Trade associations continue to challenge the new federal lead-safe work rule almost five weeks after implementation, with one group seeking congressional relief and another lambasting the rule’s ad campaign.
Representatives of the American Architectural Manufacturers Association (AAMA), the Northeast Window and Door Association, and several Delaware window makers and dealers met May 20 with U.S. Sen. Tom Carper (D-Del.) and the Environmental Protection Agency. Carper is a member of the Senate Committee on Environment and Public Works.
The opponents sought support for legislation that would suspend the rule for a year: H.R. 5177, introduced April 29 by Rep. Dennis Rehberg (R-Mont.). The bill has seen no action since introduction. The opponents also requested public hearings on the issue.
Carper staffers said they “found the meeting and the information helpful,” according to a spokeswoman. The EPA had no comment.
The EPA’s “Lead-safe Renovation, Repairs and Painting” rule requires lead-safe certification of renovators and companies that disturb six square feet of interior paint in a home, school or day care center built before 1978.
Although the rule had a two-year phase-in, the AAMA and NWDA join a chorus of industry associations and retailers who say the approximately 250,000 contractors affected were not given enough time to prepare. (EPA says that more than 230,000 contractors had been certified as of May 7.)
Opponents are especially angry about the EPA’s decision to immediately tighten the rule by removing the ability of affected homeowners to allow their personal contractor to opt out of the requirements. That amendment is set to take effect July 6.
The opt-out defenders cite a November 2009 analysis by the U.S. Small Business Administration’s (SBA) Office of Advocacy that favored keeping the option. Eliminating the opt-out would increase the cost for regulated businesses to $1.3 billion from $800 million in the first year alone, the Office of Advocacy said in a letter to EPA.
“Advocacy opposes the expansion of this expensive rule to extend to dwellings of persons above the age of six (including non-pregnant women),” the agency wrote. “This proposed change would almost double the cost of the current rule, without any serious examination of whether there will be additional benefits due to the expansion of this regulation.”
SBA said the amendment could be modified to retain its benefits. It also accused EPA of parceling out the lead rule incrementally, so as to make the hefty total cost appear lower.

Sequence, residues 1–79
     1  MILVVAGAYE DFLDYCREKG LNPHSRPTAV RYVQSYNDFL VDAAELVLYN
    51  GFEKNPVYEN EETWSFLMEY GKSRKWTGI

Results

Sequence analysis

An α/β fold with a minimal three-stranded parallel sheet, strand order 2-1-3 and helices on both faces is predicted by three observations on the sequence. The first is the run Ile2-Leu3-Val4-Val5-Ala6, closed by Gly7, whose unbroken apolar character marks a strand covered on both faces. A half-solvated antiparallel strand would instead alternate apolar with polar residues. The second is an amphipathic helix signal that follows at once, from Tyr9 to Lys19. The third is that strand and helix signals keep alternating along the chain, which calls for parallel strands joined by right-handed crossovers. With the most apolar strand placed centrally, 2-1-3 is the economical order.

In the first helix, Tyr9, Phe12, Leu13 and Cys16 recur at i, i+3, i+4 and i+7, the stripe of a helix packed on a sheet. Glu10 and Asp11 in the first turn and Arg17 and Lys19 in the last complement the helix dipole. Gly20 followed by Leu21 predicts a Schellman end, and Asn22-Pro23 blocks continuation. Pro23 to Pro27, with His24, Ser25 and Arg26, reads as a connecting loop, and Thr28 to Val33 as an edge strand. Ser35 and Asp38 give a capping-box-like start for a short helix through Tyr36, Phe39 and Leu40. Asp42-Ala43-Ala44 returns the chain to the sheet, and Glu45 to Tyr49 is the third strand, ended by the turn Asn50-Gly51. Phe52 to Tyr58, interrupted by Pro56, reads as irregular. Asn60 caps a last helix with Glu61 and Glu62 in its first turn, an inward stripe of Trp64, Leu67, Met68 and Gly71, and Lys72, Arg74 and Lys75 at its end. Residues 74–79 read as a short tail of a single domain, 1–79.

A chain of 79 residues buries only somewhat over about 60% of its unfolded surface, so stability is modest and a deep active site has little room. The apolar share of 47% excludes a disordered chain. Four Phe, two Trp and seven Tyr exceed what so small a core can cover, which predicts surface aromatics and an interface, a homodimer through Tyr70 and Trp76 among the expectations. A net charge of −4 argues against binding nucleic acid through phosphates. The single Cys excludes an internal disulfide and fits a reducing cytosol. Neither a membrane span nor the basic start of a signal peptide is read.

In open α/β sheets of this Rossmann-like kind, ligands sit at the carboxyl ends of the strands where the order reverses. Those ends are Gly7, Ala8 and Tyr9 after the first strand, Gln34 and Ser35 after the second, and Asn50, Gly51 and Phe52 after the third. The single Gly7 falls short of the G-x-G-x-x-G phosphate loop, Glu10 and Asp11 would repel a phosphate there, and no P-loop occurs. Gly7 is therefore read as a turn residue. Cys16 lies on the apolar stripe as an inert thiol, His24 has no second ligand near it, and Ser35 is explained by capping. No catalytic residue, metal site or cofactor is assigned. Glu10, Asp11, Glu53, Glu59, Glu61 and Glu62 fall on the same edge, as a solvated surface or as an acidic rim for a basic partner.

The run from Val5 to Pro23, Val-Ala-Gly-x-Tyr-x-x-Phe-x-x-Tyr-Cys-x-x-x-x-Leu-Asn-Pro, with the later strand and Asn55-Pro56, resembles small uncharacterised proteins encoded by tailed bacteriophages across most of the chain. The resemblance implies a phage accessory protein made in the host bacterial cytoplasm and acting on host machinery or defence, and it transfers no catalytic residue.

EPA has remained steadfast on the rule and, in fact, is now proposing to expand it to commercial and public projects. The agency says the efforts are critical to ensuring children’s health.
Meanwhile, paint manufacturers are furious about the EPA’s ongoing public-awareness campaign, which targets parents and caregivers in order to increase compliance.
In a letter May 20 to members, American Coatings Association president Andy Doyle said the EPA’s campaign was “dangerously misleading” and “wholly misrepresent[s] the coatings industry and its products.”
“Instead of focusing on proper work practices, including the hiring of a qualified contractor or educating consumers, the campaign includes public service announcements (PSAs) that wrongly and unfairly imply that paint currently contains lead,” Doyle wrote.
“In addition, the visual depictions of the industry's products being poured onto cereal or into ‘sippy cups’ or baby bottles are completely inappropriate, as these products have never been intended to be ingested or used in this manner. The use of such visuals is completely without merit and improper.”
Doyle repeated those criticisms that day in a letter to the Coalition to End Childhood Lead Poisoning, the U.S. Environmental Protection Agency (EPA), and the U.S. Department of Housing and Urban Development (HUD) in partnership with the Ad Council.
The letter requested that all of the parties immediately cease using the PSAs and remove them from their websites, but the ads remain.